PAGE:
Hubway Data Visualization

Ari Ofsevit  |  |  @ofsevit

North and South Stations

The two highest-use stations, accounting for about 5% of all Hubway trips, are North and South Stations. This is not terribly surprising, considering the number of people who pass through them every day (more than 100,000). However, while South Station's Hubway use is balanced, North Station is sees a huge spike of origins in the morning as commuters empty off of trains, and an influx of trip ends when the work day ends. For each station, I mapped the trip starts and ends, and categorized them by time of day. The width of the line is, of course, proportional to the number of riders.

South Station Trip Starts 5 a.m. to 10 a.m.   10 a.m. to 3 p.m.  3 p.m. to 8 p.m.   8 p.m. to 5 a.m. South Station Trip Ends

South Station's trips are rather well balanced; in other words, there's green and gray on both maps. There are a lot of morning departures and evening returns from Back Bay and the Financial District, but these are balanced by morning arrivals and evening departures from residential areas, especially the South End (which has no direct transit connection). South Station is near many offices, and most train passengers who arrive can walk to work.

Now let's take a look at the same maps for North Station:

North Station Trip Starts 5 a.m. to 10 a.m.   10 a.m. to 3 p.m.  3 p.m. to 8 p.m.   8 p.m. to 5 a.m. North Station Trip Ends

Here, there is a different story. In the morning, nearly every ride is a departure, showing up as green. In the evening, nearly every ride is an arrival, showing up in gray. North Station is much more isolated than South Station, and many fewer passengers can take a quick walk to work. For those who don't take the Green and Orange Lines, Hubway is a natural alternative. There's not much of a residential base, since all the housing near the station was torn down with the West End in the 1950s (as Car Talk says, "a guy named Rappaport got rid of them one night"). Thus, North Station is almost orphaned, and Hubway makes it more accessible to the center of the city. It's a whole lot easier than moving the station half a mile south.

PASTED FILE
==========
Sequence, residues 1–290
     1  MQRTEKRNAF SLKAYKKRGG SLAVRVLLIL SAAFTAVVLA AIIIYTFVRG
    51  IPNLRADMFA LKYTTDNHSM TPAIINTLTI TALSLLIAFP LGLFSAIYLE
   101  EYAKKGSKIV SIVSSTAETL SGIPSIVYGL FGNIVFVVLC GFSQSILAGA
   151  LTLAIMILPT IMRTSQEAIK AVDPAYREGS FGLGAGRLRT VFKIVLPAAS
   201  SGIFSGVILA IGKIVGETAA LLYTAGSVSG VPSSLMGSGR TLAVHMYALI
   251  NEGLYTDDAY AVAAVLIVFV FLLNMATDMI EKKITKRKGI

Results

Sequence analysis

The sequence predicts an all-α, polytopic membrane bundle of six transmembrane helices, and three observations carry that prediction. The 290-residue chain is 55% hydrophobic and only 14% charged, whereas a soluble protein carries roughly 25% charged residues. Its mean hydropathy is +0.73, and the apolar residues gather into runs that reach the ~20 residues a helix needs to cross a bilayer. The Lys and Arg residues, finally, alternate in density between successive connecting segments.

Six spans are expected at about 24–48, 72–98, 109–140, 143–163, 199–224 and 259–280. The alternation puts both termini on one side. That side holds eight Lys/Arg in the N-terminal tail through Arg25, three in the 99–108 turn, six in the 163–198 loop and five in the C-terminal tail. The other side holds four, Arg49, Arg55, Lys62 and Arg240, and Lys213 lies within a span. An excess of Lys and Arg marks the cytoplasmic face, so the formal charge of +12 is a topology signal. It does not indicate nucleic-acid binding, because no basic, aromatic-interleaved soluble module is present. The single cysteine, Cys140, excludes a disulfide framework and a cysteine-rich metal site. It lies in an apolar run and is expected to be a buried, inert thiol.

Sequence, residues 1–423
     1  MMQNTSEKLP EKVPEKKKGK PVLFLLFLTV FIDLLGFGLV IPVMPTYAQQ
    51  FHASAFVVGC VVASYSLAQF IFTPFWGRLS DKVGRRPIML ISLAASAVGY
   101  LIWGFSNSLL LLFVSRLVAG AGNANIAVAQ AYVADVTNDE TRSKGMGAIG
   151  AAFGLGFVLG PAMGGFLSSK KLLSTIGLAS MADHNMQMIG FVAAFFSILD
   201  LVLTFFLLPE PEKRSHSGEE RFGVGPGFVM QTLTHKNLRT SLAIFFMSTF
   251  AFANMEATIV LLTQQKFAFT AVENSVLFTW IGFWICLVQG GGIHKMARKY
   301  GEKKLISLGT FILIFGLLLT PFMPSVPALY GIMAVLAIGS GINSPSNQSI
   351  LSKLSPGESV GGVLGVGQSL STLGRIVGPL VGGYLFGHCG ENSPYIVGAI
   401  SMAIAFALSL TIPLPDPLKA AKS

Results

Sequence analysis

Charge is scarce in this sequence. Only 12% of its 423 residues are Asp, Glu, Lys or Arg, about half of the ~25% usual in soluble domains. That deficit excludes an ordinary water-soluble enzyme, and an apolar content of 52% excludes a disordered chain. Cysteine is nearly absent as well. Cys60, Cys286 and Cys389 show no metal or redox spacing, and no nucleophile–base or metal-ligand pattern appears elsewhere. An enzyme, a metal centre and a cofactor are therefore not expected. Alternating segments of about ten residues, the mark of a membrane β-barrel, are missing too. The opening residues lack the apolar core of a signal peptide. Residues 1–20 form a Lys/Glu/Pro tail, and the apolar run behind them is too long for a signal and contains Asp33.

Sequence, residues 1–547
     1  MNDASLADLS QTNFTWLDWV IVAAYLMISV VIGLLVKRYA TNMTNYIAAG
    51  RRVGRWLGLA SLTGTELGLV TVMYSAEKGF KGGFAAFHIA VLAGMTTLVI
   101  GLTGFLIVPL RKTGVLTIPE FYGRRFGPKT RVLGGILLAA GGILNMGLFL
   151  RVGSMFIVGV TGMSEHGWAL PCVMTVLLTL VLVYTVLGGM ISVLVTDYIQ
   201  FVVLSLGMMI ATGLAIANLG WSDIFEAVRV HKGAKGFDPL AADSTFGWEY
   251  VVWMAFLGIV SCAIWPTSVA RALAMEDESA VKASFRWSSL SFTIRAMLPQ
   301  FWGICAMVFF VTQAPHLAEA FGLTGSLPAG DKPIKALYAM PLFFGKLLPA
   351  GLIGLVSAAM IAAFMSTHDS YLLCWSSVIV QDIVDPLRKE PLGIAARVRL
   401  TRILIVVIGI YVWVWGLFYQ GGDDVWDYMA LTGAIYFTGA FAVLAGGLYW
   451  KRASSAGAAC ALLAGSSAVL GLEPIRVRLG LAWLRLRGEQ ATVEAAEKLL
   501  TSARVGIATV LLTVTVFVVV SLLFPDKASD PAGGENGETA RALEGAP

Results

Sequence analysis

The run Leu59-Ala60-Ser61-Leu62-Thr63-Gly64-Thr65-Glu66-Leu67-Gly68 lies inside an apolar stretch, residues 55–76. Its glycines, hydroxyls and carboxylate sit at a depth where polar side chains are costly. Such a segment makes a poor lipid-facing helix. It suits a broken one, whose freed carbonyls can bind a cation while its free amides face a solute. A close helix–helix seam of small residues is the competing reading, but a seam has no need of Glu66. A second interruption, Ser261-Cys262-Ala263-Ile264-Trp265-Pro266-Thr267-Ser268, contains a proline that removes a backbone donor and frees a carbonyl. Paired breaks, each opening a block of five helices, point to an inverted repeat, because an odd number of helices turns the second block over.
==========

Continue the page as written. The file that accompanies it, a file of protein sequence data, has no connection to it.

This means that North Station, which sees 100 to 150 rides each weekday (that's 150 starts and ends), has more than three quarters of its bikes depart between 5 a.m. and 10 a.m. and return between 3 p.m. and 8 p.m. Since there are only about 50 racks in the station there, it means that Hubway has to rebalance the station daily at commute times, something they don't have to do at South Station. Let's take a look at the usage charts for the two stations (this is what we'll look at for each station on the next page):

Two things to note. First, Look how different these profiles look! South station has similar levels of dropoffs and pickups at both rush hour, while North Station is skewed more than 6:1 (one of the the highest such ratios of any heavily-used station). Both stations see particularly high (>75%) use during these rush hour times, too. Second, note that while South Station's overall use is higher than North Station's, North Station's peak use is considerably higher, since it is a uni-directional station which seems hordes of pick-ups whenever a train pulls in.

Finally: For North Station, look at the post-morning rush hour peaks for trip starts just past the hour, and the pre- and post-evening rush peaks for trip ends. Any guesses as to why these occur? Well, trains to North Station arrive and leave in banks on either side of rush hour, arriving just before the hour and departing a few minutes after. The Lowell and Newburyport/Rockport lines operate on a clockface schedule (trains come and go at the same time each hour) and the other lines follow suit with less frequent schedules. This is probably to allow the draw bridge just north of the station time to open and close without delaying trains. It's interesting how it shows up in the data. (South Station, with more train lines, more non-train use and no bridge does not show these trends). If we chart North Station trips and the frequency of train departures and arrivals, they match pretty well:

Trip starts and train arrivalsTrip ends and train departures

Have I ever said that I love data?

We'll get further in to different stations in the next section.

Ari Ofsevit  |  |  @ofsevit